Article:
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Just war theory and the Russo-Ukrainian war

Russia’s invasion clearly fails to meet three of the four criteria set forth in Catholic teaching, and NATO military action against Russia would also clearly fail to meet three of the four criteria.

Destroyed military vehicles are seen on a street in Bucha, Ukraine, March 1, 2022, as Russia's invasion of Ukraine continues. (CNS photo/Serhii Nuzhnenko, Reuters)

One of the striking features of the catastrophe in Ukraine is how unambiguously the principles of just war doctrine seem to apply.  On the one hand, Russia’s invasion cannot be justified given the criteria of just war theory.  On the other hand, NATO military action against Russia cannot be justified either.  Here are the criteria for just military action as set out in section 2309 of the Catechism of the Catholic Church:

At one and the same time:

– the damage inflicted by the aggressor on the nation or community of nations must be lasting, grave, and certain;

– all other means of putting an end to it must have been shown to be impractical or ineffective;

– there must be serious prospects of success;

– the use of arms must not produce evils and disorders graver than the evil to be eliminated.  The power of modern means of destruction weighs very heavily in evaluating this condition.

End quote.  I submit that Russia’s invasion clearly fails to meet the first, second, and fourth criteria, and NATO military action against Russia would clearly fail to meet the second, third, and fourth criteria.

The injustice of the invasion is obvious even given the most generous interpretation of Putin’s motives.  Hence, suppose we conceded for the sake of argument that Russia has a legitimate interest in keeping Ukraine out of NATO.  Suppose that, as some have argued, the United States and her allies have long been needlessly poking the bear, and that Russia would have been far less likely to invade Ukraine had they not done so.  Even given those premises, it simply doesn’t follow that Ukraine is an “aggressor,” that Russia has suffered any “lasting, grave, and certain” damage from Ukraine, or that “all other means” of remedying Russia’s concerns “have been shown to be impractical or ineffective.”  Nor is the extreme harm inflicted on innocent Ukrainians by war proportionate to whatever grievances Russia has.  Hence Russia’s invasion of Ukraine cannot be said to meet the first, second, and fourth criteria for a just war, and therefore is manifestly gravely unjust.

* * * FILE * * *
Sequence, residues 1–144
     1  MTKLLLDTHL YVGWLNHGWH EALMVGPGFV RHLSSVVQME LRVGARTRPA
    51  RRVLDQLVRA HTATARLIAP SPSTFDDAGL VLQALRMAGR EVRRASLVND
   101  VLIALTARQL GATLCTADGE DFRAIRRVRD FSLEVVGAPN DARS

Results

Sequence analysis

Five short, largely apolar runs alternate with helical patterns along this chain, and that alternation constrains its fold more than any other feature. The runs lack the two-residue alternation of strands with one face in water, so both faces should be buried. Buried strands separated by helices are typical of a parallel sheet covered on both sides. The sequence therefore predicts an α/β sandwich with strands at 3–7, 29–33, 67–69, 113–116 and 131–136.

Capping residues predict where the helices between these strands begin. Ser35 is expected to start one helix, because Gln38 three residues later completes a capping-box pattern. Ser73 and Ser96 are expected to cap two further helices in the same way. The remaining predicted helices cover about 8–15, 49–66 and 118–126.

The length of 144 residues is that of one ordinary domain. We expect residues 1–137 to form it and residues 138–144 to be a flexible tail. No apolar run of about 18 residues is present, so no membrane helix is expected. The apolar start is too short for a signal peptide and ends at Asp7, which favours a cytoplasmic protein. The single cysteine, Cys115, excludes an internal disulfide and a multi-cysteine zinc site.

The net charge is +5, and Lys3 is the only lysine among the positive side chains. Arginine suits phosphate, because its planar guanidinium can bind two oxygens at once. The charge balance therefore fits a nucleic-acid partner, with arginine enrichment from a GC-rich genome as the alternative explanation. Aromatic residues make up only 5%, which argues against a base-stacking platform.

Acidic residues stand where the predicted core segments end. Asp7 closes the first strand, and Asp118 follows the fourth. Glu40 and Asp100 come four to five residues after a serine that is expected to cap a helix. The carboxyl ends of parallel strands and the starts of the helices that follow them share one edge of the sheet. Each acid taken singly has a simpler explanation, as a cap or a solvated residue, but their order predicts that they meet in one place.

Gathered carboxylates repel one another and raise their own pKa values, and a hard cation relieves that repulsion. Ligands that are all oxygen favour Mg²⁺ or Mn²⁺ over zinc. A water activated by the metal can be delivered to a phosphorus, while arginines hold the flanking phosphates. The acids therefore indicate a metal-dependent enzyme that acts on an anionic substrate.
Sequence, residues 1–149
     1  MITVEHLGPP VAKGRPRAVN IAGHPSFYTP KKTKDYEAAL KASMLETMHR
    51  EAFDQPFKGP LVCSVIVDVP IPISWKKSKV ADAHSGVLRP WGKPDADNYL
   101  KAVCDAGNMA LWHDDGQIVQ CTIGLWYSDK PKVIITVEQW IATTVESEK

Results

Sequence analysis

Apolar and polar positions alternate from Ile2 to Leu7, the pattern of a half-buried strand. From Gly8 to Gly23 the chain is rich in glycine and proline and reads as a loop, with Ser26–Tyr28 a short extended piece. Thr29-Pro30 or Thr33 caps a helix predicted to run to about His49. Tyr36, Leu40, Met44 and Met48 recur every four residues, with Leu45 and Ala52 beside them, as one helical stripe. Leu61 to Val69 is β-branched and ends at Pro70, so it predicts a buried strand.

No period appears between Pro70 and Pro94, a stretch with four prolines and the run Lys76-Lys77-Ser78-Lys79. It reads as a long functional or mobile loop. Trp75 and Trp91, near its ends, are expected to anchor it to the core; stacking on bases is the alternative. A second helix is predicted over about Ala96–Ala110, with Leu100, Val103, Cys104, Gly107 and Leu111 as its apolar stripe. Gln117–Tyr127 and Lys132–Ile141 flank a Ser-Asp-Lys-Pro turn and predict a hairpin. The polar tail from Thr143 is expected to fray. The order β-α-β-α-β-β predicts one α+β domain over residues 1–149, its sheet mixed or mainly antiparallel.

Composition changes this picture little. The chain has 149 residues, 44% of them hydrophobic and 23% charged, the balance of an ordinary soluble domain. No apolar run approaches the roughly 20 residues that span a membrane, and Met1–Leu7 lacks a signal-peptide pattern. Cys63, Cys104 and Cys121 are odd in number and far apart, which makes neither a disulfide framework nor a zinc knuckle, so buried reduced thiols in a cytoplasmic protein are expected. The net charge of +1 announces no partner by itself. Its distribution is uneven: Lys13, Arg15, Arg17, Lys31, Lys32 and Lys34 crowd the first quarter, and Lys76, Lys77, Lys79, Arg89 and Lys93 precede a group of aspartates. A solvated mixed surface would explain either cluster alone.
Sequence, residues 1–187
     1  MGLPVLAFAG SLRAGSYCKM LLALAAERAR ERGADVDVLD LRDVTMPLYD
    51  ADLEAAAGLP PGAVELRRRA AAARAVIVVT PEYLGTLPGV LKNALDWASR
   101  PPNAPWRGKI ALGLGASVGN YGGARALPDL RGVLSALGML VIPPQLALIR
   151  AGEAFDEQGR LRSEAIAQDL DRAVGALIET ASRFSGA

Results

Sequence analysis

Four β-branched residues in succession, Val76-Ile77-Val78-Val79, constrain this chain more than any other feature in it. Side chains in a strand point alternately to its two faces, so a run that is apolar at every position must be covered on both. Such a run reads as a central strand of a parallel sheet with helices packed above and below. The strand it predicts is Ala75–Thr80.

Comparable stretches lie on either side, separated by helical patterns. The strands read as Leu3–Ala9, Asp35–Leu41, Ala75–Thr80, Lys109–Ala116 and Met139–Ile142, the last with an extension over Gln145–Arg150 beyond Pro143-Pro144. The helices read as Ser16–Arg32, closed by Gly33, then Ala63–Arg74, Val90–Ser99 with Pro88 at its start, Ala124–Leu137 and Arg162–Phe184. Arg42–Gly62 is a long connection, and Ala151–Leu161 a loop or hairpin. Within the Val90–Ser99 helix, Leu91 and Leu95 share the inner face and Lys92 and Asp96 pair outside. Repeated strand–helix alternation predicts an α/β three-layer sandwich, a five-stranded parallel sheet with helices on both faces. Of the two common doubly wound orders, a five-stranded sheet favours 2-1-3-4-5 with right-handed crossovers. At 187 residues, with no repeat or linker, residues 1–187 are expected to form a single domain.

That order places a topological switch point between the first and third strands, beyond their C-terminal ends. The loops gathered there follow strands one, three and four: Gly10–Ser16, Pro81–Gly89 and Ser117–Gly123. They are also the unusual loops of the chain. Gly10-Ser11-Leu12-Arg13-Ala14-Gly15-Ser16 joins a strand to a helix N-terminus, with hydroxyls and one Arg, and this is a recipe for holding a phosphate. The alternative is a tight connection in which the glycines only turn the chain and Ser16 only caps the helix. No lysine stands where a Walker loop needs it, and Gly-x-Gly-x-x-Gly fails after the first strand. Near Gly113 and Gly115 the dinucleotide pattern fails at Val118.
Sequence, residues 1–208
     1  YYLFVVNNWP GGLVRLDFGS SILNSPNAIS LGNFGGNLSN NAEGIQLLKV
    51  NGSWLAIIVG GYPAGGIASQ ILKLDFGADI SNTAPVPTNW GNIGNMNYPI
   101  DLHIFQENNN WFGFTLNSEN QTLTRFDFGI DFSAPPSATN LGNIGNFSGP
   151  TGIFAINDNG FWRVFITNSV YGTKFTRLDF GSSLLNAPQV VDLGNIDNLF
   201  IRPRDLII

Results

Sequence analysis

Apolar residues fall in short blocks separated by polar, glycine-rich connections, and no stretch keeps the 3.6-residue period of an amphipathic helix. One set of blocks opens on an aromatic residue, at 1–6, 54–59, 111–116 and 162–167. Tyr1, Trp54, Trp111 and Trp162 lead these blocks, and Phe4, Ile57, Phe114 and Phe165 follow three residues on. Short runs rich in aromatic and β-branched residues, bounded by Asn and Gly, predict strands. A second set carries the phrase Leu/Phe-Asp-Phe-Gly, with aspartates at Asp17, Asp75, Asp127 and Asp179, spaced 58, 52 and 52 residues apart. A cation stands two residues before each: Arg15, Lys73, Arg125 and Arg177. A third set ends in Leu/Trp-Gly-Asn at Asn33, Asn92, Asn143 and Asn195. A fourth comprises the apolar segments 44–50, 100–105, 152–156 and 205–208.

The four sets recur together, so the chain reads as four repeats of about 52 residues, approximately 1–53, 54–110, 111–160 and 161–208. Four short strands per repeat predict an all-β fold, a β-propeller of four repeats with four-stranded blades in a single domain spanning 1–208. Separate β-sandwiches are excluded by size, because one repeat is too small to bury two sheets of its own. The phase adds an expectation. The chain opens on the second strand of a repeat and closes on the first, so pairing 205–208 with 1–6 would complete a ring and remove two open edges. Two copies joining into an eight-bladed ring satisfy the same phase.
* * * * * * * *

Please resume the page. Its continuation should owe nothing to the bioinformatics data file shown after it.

For that reason, military action to repel Russia’s invasion clearly is legitimate, and justice requires favoring the Ukrainian side in the war.  In the abstract, support for Ukraine could include military action against Russia by any nation friendly to Ukraine.  However, the justice of the cause of defending Ukraine fulfills only the first of the four criteria set out by the Catechism.  What about the other three?

Putin has not-so-subtly threatened to use nuclear weapons if the United States or other NATO countries intervene militarily in the conflict.  The realistic prospect of such extreme escalation makes it impossible for such intervention to meet the Catechism’s fourth criterion, which emphasizes that “the power of modern means of destruction weighs very heavily in evaluating this condition.”  The use of nuclear weapons against Ukraine, to which Russia might resort if NATO intervenes, would surely “produce evils and disorders graver than the evil to be eliminated.”  Graver still would be a situation where Ukraine, other nearby NATO states, and Russia (as a result of NATO nuclear retaliation) were all attacked with nuclear weapons.  And worst of all would be a scenario where what started out as a local war in Ukraine spiraled into an all-out global nuclear exchange between Russia and the United States.

Even a localized nuclear exchange would also render unlikely the fulfillment of the third condition for just war, viz. the “serious prospects of success.”  If Russia uses nuclear weapons against Ukraine or NATO itself, would NATO countries really retaliate in kind?  If they did not, it seems that Russian victory would be assured.  But if they did retaliate in kind, it is very far from clear that this would not spiral into a conflict that no one could win.  Nor can it be said that all the less extreme alternatives to NATO intervention have been exhausted, as the second criterion for just war requires.